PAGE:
Risk is inherent to each and every business process, but in the accounts receivables, excessive risk creates big downstream problems. Cash flow, client relationship, performance, and more all depend on your collections processes. As such, a rigorous accounts receivables risk assessment process mainly helps you to identify potential areas that may trip you up over time. This will help you manage the delinquency and asset classes.
So, below are some of the tasks that you can do to complete a risk assessment of your accounts receivables and secure your cash flow at the time of economic uncertainty.
Sorting your customers into groups will help you to identify patterns and establish a higher risk profile. Each group may require a different management strategy and continuous assessment. It is important to understand that customer classification into asset classes is not static and the customer risk keeps on changing from time to time and has varying sensitivity to external events.
To identify which customers pose a greater risk to your cash flow, it is useful to identify and list what security arrangements and guarantees your business uses. These may include the:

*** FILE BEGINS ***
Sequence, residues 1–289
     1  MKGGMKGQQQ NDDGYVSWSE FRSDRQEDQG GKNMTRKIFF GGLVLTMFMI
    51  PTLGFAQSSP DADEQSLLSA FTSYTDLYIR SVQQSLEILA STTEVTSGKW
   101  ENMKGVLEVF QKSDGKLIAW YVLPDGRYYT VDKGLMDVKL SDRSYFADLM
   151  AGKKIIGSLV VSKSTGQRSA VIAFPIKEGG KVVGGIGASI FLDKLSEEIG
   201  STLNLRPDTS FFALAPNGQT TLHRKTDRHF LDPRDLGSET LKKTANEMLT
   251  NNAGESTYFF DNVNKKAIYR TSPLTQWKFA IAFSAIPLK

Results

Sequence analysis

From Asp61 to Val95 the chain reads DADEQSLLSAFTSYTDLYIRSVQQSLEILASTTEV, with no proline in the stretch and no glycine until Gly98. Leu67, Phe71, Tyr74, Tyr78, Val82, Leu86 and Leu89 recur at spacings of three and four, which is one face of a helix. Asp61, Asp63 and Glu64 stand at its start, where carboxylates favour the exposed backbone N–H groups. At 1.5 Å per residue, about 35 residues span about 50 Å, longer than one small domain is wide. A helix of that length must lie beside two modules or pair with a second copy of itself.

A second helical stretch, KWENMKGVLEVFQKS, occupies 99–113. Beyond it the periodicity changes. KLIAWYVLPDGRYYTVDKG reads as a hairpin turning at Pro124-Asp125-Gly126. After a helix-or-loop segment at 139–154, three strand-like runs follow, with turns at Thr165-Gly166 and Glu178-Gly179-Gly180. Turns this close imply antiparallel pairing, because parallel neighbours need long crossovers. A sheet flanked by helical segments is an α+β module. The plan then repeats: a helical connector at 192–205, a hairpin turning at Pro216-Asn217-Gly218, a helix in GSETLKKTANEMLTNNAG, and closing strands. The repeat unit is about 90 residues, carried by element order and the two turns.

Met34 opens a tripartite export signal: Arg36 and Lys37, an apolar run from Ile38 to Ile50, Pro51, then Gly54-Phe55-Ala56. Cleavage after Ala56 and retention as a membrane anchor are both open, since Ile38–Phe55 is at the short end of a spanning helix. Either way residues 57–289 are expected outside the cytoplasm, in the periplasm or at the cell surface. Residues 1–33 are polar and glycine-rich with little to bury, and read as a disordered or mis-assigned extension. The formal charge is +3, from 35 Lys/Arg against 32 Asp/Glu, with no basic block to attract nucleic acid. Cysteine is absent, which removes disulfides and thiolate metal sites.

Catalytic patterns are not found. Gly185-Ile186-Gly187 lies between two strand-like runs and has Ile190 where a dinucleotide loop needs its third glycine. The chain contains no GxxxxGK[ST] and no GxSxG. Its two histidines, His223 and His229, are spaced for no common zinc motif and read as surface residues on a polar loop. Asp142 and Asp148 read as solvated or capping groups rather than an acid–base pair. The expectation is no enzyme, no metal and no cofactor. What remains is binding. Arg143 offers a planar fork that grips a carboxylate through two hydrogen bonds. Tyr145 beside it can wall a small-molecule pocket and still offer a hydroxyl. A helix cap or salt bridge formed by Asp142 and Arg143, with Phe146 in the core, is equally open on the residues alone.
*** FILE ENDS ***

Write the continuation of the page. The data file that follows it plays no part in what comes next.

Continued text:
The average time in terms of days between both the payment and invoicing is your DSO and is a good indicator of the efficiency of your receivables management.
To calculate your DSO, first of all, you need to divide your total accounts receivables by the total value of your credit sales. Then just simply multiply this figure by the number of days in the period you are assessing. Many businesses used to calculate their DSO on a regular basis, monthly, quarterly, or annually.
An aging report is a table that helps you to record your accounts receivables according to how long each invoice is being outstanding. An aging report will help you to identify how long individual customers are taking to pay.
Make a highly critical assessment to find out if your payment terms meet your company requirements or if they need to be adjusted. Additionally, many individual clauses can result in too many variations and even lead to delayed payments. You could even try to seek to reduce the number of clauses in your payment terms or find ways to enhance their attractiveness, that is, with the help of payment incentives like discounts, bonuses, or periods of payment.
The risk of high loss can be easily reduced by skilled credit managers and relates staff. In times of economic stress, such as the current situation which is caused by the COVID-19 pandemic, you can help protect your company cash flow by appointing a team dedicated to monitoring your accounts receivables through weekly reviews and empowering the team to act quickly.
Put most simply; the CEI compares how much money was owed to the company and how much of that money was actually collected in the given time period, usually one year. The resulting percentage allows the company to gauge how strong their current collections policies and process are and whether or not changes need to be made.